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The Synod of the Russian Orthodox Church

Throughout history, the Russian Orthodox Church has been governed by an inter-religious body. The patriarchate of Moscow was abolished in 1721 and replaced with a governing body called the Holy Governing Synod. This structure resembled state-controlled synods in Sweden and Prussia. From 1721 to 1917, a lay official known as the chief procurator of the synod held effective control of the church's administration. During this period, it was led by the archconservative K.P. Pobedonostsev.

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Canonization of a local hero of faith

The Russian Orthodox Church has a long tradition of honoring the faith of local heroes. This practice was rekindled after the Soviet period when canonizations were forbidden. In 1977, St. Innocent of Moscow, the Metropolitan of Siberia and the Far East, Alaska, and the Aleutian Islands, was canonized. In recent years, a number of other local heroes have been honored through canonizations.

While the Russian Orthodox Church honors many local hero of faiths, the process of canonization is a complex process. A local hero is only recognized as a saint when he has been declared worthy of honor by the ruling hierarch. The patriarch must first approve the saint's canonization, after which local believers must record the miracles attributed to them and create a hagiography for the hero. They then must also paint an icon and compose a liturgical text for the canonization service. All this information is then sent to the Synodal Commission, which will determine whether or not the local hero deserves to be canonized.

The Russian Orthodox Church is organized into hierarchy with 261 eparchies around the world. Some of the eparchies are part of larger metropolitan districts, while others are self-governing. The Patriarch of Moscow and All Russia serves as the head of the Russian Orthodox Church. Its bishops are elected by the Local Council. In addition, he is elected by the Synod, which is the church's permanent executive body.

The Church of Christ the Savior, the cathedral near the Kremlin, has been rebuilt on the site of a church that was burned by Stalin in 1931. It is where the remains of Nicholas II were buried two years ago. These two heroes of faith are recognized as the greatest heroes of the Russian Orthodox Church. In addition to this, the New Martyrs are being honored.

Canonization of a saint on the scale of the entire Church

The canonization of Alexander Schmorell, a martyr of the Soviet Union, took place this past weekend at the Cathedral of New Martyrs and Confessors of Russia, located near the man's grave. The canonization came on the heels of the Union of Florence, a document that exposed the corruption within the upper clergy. In response, the Russian Church and State united to celebrate Schmorell.

The process of canonization is essentially the same in all denominations, but in the Russian Orthodox Church, the procedure is slightly different. Beatification is a legal process; ordinary canonization is an application of the sacrament to someone who was already venerated. In both cases, a verified miracle is required before a person can be made a saint. The resulting saint's name is then placed in the church's general calendar. A feast day is also set aside in honor of the saint, usually on the date of their death.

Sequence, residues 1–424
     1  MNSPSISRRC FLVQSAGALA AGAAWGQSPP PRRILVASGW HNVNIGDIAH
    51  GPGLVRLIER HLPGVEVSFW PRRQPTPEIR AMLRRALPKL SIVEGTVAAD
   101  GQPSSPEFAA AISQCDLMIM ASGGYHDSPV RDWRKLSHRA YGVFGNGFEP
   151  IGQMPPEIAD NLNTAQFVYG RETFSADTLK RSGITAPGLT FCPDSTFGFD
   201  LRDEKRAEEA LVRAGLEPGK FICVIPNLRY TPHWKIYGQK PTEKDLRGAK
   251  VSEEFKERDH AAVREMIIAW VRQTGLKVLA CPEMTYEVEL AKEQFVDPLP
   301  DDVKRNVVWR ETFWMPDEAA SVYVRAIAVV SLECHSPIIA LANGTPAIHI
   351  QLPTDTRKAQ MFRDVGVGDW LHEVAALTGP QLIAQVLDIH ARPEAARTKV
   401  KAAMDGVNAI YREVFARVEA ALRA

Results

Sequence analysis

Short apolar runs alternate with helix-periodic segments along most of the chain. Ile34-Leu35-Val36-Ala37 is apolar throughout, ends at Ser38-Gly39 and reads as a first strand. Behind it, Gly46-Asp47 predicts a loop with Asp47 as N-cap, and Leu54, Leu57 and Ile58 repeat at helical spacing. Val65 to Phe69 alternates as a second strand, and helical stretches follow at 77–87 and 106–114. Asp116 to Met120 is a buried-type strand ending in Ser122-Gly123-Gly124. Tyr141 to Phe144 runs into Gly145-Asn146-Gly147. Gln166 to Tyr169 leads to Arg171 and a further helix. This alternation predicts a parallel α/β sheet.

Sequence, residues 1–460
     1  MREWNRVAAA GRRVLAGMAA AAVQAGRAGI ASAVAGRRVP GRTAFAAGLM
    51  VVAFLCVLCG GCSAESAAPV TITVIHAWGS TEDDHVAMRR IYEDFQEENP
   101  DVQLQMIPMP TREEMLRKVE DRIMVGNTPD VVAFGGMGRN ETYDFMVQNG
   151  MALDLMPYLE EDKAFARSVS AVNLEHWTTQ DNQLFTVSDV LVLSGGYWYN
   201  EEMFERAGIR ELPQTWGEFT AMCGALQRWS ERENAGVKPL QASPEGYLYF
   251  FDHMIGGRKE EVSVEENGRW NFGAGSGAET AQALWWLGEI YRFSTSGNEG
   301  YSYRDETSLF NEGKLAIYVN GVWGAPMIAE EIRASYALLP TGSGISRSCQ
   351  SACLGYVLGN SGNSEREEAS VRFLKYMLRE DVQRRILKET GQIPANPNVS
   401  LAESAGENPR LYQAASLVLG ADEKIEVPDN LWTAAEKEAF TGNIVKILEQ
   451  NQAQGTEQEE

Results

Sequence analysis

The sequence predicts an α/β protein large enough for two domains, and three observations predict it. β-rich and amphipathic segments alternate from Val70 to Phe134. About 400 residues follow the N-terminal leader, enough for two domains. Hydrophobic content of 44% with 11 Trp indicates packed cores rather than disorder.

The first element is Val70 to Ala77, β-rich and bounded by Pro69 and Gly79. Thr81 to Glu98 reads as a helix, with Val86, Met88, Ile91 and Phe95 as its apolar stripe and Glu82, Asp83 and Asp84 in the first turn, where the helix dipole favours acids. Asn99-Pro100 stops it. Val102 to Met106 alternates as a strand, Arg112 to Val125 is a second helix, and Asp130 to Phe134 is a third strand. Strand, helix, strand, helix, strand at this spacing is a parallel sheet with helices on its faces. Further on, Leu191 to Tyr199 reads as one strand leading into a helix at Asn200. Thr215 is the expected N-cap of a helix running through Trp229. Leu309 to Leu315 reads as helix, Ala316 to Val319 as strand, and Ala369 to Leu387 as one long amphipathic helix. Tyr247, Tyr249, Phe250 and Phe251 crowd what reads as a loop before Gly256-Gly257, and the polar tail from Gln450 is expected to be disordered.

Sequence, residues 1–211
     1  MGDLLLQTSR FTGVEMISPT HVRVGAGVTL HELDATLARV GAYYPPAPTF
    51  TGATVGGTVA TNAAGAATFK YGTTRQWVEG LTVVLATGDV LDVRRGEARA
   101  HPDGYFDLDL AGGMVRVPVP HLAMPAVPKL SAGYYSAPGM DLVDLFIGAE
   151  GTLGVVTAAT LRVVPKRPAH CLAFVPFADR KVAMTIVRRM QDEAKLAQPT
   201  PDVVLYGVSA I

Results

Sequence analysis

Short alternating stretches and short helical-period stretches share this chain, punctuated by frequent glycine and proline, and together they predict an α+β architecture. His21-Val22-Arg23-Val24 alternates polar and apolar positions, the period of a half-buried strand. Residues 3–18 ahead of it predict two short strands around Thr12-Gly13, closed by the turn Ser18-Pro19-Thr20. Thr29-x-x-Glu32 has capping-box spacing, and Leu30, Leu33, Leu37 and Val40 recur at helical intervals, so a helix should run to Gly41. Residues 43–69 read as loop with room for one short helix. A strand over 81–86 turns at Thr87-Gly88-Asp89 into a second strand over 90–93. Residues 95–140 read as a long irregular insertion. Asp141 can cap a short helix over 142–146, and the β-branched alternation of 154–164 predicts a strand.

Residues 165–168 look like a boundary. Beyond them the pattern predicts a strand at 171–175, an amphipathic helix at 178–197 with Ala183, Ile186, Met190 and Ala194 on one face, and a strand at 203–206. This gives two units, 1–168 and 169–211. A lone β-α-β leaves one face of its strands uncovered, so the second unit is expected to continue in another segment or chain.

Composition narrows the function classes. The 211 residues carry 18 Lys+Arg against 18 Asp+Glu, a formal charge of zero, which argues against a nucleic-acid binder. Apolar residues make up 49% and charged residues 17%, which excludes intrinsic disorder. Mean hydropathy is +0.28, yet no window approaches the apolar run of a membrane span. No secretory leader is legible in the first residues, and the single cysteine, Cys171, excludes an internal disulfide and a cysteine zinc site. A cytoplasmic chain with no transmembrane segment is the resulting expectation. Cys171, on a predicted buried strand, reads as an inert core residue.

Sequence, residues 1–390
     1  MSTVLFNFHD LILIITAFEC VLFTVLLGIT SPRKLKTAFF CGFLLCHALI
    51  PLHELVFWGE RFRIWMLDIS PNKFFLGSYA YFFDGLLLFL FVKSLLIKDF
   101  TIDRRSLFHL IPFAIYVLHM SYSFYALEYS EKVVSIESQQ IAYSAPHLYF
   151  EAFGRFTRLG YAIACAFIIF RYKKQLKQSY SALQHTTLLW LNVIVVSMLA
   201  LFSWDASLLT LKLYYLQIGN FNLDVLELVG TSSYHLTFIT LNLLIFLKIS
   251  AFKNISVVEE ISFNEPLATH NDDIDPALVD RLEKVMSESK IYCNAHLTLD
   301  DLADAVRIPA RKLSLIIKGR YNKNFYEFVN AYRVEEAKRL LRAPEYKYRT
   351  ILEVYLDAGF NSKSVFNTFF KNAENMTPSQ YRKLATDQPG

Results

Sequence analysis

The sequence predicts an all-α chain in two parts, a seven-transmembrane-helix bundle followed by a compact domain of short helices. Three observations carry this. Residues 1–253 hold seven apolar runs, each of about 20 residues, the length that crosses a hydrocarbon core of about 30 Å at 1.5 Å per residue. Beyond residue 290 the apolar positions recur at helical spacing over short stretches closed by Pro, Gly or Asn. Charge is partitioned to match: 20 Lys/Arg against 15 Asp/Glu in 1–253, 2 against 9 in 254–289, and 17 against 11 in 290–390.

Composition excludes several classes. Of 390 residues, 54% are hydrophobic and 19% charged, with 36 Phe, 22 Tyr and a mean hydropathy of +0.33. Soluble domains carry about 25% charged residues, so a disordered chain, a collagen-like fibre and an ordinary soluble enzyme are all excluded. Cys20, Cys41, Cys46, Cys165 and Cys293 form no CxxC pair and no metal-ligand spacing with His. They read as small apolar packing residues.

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In the Russian Orthodox Church, canonization is the formal process of declaring a person a saint. A saint is a deceased person who has been deemed worthy of public cult, and is formally included in a list of saints. The process was previously informal, with individuals being named saints without a formal process. The process of canonization is quite complex, but the benefits are immense.

The process of canonization has many roots. It began in the 10th century when Church rulers in Rome mandated that saints be listed in the church's official register. Interestingly, the first canonized saint was named Ulrich of Augsburg, by Pope John XV in 993. In the process, the Roman Catholic Church split from the Orthodox community and adopted a legalistic method for determining saints.

Canonization of a local hero of faith on the scale of the entire Church

In the years preceding the 2000 Council of the Russian Orthodox Church, the Holy Synod established the Synodal Commission for Canonization. This commission was mandated to prepare documents for the canonization of new martyrs. The Russian Orthodox Church has also established local commissions to study local archives, collect the memories of believers, and record miracles that occurred in the area of the saint's life. The canonization process resumed in the 1980s after a half-century hiatus.

The process of canonization differs from the process of sainthood in the Catholic Church. Canonization is the process of placing someone's name in a list, or "canon," of people who are praised and honored in the Church. Canonized individuals receive a day in the Church calendar. In some cases, a local hero of faith may be a martyr, a saint of a particular region, or even the entire Church.

The new Martyrs and Confessors were slain during the communist era, and their blood has cleansed the land of the defilement of the communist regime. These holy men and women were sacrificing their lives in the hope of resurrection and eternal life. We pray to God for their continued blessings and rest in His Kingdom.

The ROC has a hierarchy of leaders, including the Patriarchate, Metropolitans, and Bishops' Councils. The ROC has seven permanent members, including the Patriarch of Moscow and All Russia. The Holy Synod is also a body of power, chaired by the Patriarch of Moscow and All Russia. If a local hero of faith is not a saint, he may still be eligible for enthronement in the Russian Orthodox Church.